Acoustics For Autism Organizers Gear Up For 15th Annual Event

Acoustics for Autism founder Nicole Khoury plays with her band Arctic Clam during last year’s event. The 15th annual free music festival will take place on Sunday, March 6 from noon to 2:00 a.m. at The Village Idiot, the Elks Club, Buster Brown’s, Small Box Music and the surrounding areas of uptown Maumee. MIRROR PHOTO BY DENNY McCARTHY

BY KRISTI FISH | MIRROR REPORTER — Preparations for the 15th annual Acoustics for Autism event are underway in Maumee.

More than 80 bands will fill eight stages in the uptown Maumee area on Sunday, March 6 between noon and 2:00 a.m.

The event, created in 2008 by Nicole Khoury, was started to fundraise for families with children with autism spectrum disorder.

“I was finding that autism spectrum disorder was very prevalent and there were a lot of resources, but families weren’t able to pay for them,” Khoury said. “We came up with this idea to have a fundraiser that makes sure the money goes to the families so they can pay for the programs.”

Acoustics for Autism raises money that is distributed as part of Project iAm, the nonprofit organization that also runs the event.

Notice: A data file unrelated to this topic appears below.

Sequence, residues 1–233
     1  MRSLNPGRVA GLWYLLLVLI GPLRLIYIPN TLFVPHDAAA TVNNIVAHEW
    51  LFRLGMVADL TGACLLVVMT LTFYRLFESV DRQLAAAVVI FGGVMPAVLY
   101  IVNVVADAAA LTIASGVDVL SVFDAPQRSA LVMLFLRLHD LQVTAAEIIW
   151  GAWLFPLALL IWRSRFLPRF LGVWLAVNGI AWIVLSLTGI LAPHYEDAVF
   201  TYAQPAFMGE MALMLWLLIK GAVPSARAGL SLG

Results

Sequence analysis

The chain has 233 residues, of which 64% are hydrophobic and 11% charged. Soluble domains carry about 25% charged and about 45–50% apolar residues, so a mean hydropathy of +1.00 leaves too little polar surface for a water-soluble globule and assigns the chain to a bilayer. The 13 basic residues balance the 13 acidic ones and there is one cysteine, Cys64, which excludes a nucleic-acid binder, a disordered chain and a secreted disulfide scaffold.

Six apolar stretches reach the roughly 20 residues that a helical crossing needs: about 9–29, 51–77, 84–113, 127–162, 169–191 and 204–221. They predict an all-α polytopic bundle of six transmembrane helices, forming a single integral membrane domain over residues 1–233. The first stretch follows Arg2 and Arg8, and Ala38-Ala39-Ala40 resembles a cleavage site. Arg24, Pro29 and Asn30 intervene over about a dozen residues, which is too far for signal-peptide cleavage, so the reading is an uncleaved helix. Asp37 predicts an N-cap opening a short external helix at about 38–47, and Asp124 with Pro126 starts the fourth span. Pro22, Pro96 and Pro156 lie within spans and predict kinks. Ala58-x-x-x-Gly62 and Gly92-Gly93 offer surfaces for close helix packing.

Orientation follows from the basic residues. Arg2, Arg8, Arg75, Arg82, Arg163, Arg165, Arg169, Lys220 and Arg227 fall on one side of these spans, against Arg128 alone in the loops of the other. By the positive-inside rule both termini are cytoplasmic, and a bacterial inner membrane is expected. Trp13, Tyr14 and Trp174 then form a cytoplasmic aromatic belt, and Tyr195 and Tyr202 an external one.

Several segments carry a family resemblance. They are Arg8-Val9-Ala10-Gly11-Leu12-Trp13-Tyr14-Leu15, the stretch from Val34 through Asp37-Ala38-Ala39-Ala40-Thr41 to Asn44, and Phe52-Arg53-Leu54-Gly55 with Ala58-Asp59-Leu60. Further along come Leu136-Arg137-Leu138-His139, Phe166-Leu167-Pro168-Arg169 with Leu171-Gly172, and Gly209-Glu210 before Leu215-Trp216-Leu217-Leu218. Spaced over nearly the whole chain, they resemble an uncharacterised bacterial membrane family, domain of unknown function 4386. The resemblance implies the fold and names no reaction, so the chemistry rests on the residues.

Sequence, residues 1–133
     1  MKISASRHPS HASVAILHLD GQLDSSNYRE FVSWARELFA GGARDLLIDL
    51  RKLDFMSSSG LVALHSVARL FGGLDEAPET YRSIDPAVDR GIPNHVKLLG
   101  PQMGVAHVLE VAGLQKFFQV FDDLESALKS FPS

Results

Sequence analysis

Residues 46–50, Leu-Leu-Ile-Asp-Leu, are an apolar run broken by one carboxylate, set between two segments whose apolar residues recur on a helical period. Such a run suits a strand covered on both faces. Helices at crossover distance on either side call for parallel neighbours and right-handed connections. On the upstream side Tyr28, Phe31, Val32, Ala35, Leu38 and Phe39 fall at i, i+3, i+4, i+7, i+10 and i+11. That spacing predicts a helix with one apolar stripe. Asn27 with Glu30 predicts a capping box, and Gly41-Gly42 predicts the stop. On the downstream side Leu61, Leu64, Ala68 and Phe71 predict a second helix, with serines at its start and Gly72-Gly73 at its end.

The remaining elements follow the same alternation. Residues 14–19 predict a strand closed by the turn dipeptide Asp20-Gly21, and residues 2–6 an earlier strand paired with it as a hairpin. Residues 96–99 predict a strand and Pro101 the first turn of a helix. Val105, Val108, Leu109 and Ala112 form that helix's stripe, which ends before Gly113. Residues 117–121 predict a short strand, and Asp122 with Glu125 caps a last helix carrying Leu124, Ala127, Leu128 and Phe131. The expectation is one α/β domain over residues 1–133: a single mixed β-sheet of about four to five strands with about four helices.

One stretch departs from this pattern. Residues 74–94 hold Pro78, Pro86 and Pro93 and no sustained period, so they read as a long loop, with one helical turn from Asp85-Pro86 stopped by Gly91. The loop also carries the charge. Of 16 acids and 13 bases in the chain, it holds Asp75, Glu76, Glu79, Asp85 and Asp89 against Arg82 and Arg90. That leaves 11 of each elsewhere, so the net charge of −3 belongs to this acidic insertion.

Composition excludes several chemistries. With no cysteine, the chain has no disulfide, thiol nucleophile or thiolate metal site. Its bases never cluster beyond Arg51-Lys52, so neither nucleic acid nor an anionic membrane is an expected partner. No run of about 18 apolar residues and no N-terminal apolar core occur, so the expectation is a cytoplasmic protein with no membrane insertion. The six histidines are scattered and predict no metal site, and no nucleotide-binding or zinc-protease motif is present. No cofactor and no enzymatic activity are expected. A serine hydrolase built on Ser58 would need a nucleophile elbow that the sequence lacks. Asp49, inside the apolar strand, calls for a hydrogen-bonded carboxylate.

“Families apply for scholarships though us,” Khoury said. “They send me the bill and I will pay them until the scholarship is gone.”

The first event in March of 2008 raised $10,000. Since then, the fundraisers have provided $400,000 in support to hundreds of children.

“It has become a beloved event. We even have people flying in for it,” Khoury said. “It really is everybody’s favorite day of the year.”

There are several ways to support the event. Acoustics for Autism volunteers encourage individuals and businesses to donate items to use in the various raffles and a silent auction. To donate an item, those interested can find the donation form on The silent auction will go live on Monday, February 28 and donations will be accepted until then.

Monetary donations can also be made at or by texting GIVEAFA to 44321. Additionally, when using AmazonSmile at for purchases, those interested can search for Project iAm among the organizations. Donations are not the only way to help out with the event, though.

“We are always looking for volunteers, there’s a tab for that on our website,” Khoury said. “People who are willing to help can help us with the setup, help us with the teardown. It’s a huge undertaking. It takes us three days to set it up and tear it down.”

For previous attendees and volunteers, the event should come as no surprise.

“We always do it the first Sunday of March and it spans eight different venues,” Khoury said.

Stages will surround Conant Street, both inside places like The Village Idiot, Buster Brown’s and the Elks, as well as outside. A kids’ stage and a sensory-friendly area will also be offered at the event.

For more information on the Sunday, March 6 event, vendor and donation forms and more, visit 

Check Also

Science Olympiad Team Heading To State Competition

BY KAREN GERHARDINGER | MIRROR REPORTER — Anthony Wayne High School might have the newest Science Olympiad team …